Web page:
Marriott Vacations Agrees to Buy ILG for About $4.7 Billion
(Bloomberg) -- Marriott Vacations Worldwide Corp. agreed to buy ILG Inc. for about $4.7 billion in a stock and cash deal, creating the largest luxury brand for timeshare vacation resorts.
ILG investors will receive $14.75 in cash and 0.165 of Marriott Vacations common stock for each of their shares, the companies said in a statement Monday. The deal represents a premium of about 13 percent, based on the two companies’ closing share prices on Friday. The purchase is expected to result in $75 million of annual savings within two years.
ILG had been facing activist pressure since last year to merge with a competitor. Last May, FrontFour Capital disclosed a 2 percent position in Miami-based ILG and simultaneously urged it to combine with Marriott Vacations. The firm in January nominated four directors to ILG’s board ahead of its annual meeting in May. In February, in a public letter, the activist again urged the board to engage in good faith discussions with Marriott Vacations. FrontFour said that refusal to “entertain such a compelling transaction” would “call into question the existing board’s ability to satisfy its fiduciary duties.”
The combined firm will have revenue of $2.9 billion and own more than 100 vacation properties around the world. It also will have exclusive access to the Marriott International Inc. and Hyatt Hotels Corp. loyalty programs for vacation ownership.
For shareholders, the deal “provides them with immediate and compelling cash value and the opportunity to meaningfully participate in the long-term growth potential of a powerful combined company,” ILG Chief Executive Officer Craig Nash said in the statement. “The strategic rationale for this transaction is clear. Combining these two highly complementary businesses will create an industry leader with enhanced scale and a broader product portfolio that will have great benefits for our members, owners and guests.”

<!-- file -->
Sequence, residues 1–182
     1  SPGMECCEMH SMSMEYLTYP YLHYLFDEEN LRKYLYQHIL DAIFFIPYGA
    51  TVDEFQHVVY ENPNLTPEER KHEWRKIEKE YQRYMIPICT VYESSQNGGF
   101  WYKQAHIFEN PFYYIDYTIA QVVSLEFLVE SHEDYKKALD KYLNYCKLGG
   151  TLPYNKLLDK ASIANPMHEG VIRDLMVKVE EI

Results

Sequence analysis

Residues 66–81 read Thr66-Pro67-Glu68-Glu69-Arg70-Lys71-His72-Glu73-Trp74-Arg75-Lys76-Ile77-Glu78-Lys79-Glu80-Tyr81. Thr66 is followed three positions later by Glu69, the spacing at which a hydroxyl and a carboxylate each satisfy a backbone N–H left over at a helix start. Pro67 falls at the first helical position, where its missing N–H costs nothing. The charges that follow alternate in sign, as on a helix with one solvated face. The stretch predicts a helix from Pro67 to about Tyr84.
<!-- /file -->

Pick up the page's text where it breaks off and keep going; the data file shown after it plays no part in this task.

The purchase is expected to add to earnings per share within the first full year after the transaction closes, scheduled for the second half of the year, executives said on a conference call Monday. The transaction must be approved by ILG and Marriott Vacations shareholders.
FrontFour portfolio manager Stephen Loukas said his firm is “highly pleased to see the transaction that it publicly championed come to fruition.” He added that FrontFour expects the total cost synergy and incremental top-line growth potential of the combined company to “significantly exceed” $100 million a year, which will create significant value for shareholders.
“We’re going to try to make it as much of an accretive transaction as it can possibly be,” Marriott Vacations CEO Steve Weisz said in an interview, declining to specify exactly how far beyond the $75 million minimum synergy target he believes will be achieved long-term.
Marriott Vacations shares fell 7.5 percent to $124.30 at 10:09 a.m. in New York. ILG shares gained 6.1 percent to $34.65.
The combined company will be the global licensee of seven upper-upscale and luxury vacation brands using the Marriott, Ritz-Carlton, Sheraton, Westin, St. Regis and Hyatt names.
“It really creates a portfolio of upper-upscale brands that’s unsurpassed in the industry,” Weisz said. He and ILG CEO Nash had “always recognized” the strategic value of putting their two businesses together, Weisz said. “Any deal takes a while to marinate, it has to be the right time and right price.”
JPMorgan Chase & Co. is the financial adviser to Marriott Vacations, and Goldman Sachs Group Inc. and Moelis & Co. are advising ILG.
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